The group performed four plays in total on Saturday, with themes ranging from mystery to comedy. While the three longer pieces had a serious tone to them, the more serious mood was made much more whimsical by a faux-commercial from MRTOTS “sponsor” the Lipo-Lax 3000, an infomercial-style skit in which I played an actor reluctant to be participating in the advertisement of a seemingly dangerous do-it-yourself liposuction/candle and soap making kit. The skit was written and directed by Ben Mansky ’15.

“We always try to put on any original scripts that get submitted, and we mean anything,” Davies said. “Often they end up being all over the place.”

About one third of the plays the group performs are original student works, the rest being vintage radio plays or adaptations of other shows for the radio. Many of the student works are one-offs, but the group has a few recurring and episodic pieces, as well. Each Christmas season, they perform scenes from a continuing holiday saga, written mostly by radio theater alums, featuring characters like Jack Frost, a CIA agent and a cast of holiday-pun names.

Seamans has also written and directed a few episodes of a still-growing mini-series, The Wild You, a story that follows a vagabond who has broken his leg, decides to settle down in a small town in New Mexico and meets an eccentric cast of characters. All of the music for the series is composed and performed live in the studio during the performances by Dustin Lowman ’15.

During winter term, the group puts on a live show in the Hepburn Zoo — this past January’s show being the third ever performance.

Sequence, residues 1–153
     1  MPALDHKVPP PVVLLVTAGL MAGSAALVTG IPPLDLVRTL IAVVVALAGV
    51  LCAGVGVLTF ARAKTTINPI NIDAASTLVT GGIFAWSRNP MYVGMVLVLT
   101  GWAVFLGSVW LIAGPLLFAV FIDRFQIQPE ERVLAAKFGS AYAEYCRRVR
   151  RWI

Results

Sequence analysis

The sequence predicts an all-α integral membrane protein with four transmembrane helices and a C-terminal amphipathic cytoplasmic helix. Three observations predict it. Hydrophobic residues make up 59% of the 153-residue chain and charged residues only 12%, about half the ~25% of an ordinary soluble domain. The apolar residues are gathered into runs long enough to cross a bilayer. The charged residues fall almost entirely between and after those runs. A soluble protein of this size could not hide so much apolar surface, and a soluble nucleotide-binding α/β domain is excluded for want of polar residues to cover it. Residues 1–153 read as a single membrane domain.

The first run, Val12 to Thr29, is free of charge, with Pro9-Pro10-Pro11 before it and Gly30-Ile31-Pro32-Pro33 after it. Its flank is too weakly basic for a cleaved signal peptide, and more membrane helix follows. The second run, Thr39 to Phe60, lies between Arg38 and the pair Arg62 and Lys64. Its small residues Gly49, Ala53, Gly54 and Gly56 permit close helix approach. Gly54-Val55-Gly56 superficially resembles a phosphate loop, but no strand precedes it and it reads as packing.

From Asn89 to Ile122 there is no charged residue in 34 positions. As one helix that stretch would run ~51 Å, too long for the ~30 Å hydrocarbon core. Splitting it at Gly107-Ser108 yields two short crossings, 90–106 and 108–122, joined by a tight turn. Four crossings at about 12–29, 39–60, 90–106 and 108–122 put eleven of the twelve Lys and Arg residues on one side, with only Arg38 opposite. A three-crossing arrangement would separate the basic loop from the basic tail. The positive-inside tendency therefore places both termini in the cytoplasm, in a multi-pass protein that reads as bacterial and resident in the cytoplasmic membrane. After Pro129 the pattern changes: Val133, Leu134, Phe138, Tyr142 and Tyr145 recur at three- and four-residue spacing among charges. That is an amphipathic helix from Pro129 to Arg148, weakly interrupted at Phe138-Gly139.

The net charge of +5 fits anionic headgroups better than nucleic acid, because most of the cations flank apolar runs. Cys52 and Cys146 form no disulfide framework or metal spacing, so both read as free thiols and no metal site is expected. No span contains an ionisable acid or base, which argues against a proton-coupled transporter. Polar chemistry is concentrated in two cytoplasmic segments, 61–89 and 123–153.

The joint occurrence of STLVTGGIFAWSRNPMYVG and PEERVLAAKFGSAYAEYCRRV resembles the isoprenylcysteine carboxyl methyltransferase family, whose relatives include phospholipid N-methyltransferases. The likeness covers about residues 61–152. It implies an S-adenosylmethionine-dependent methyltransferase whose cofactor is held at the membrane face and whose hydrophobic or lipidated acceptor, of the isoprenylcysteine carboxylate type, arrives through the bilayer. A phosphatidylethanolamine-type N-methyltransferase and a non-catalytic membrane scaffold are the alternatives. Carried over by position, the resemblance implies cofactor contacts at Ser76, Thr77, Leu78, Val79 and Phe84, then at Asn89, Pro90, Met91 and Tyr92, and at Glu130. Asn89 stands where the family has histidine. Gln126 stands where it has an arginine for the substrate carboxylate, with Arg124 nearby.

Last Thursday, MRTOTS also performed three student-written pieces (two of which were also performed on Saturday) in front of a live audience at Atwater suite BCG, a student-run art house for the display of student-created art on campus.

“[BCG] really feels like what the Atwater suites were intended for,” Carlson said. “It’s a wonderful place for student artwork to be showcased. There are some great people there.”

Attracting actors, writers and anyone interested in radio, MRTOTS demonstrates an undying devotion to what they do while still maintaining a relaxed atmosphere. Their sheer ability to produce an impressive array of skits each week is impressive; every show is performed live and recorded. Their website features an archive of every performance in their eight years of existence. (Their site is experiencing technical issue and while the recordings are all still there, the group is working to restore the interface. To find the recordings, go to this link.)

Sitting in and participating in their live show, I was immediately greeted by a laid-back and friendly atmosphere; a great introduction to a group I feel has not received the attention they deserve on campus.

“What I love about radio theater,” Carlson said, “is that it feels like low commitment and yet it’s incredibly productive. It’s something that I can have fun doing without stressing out too much.”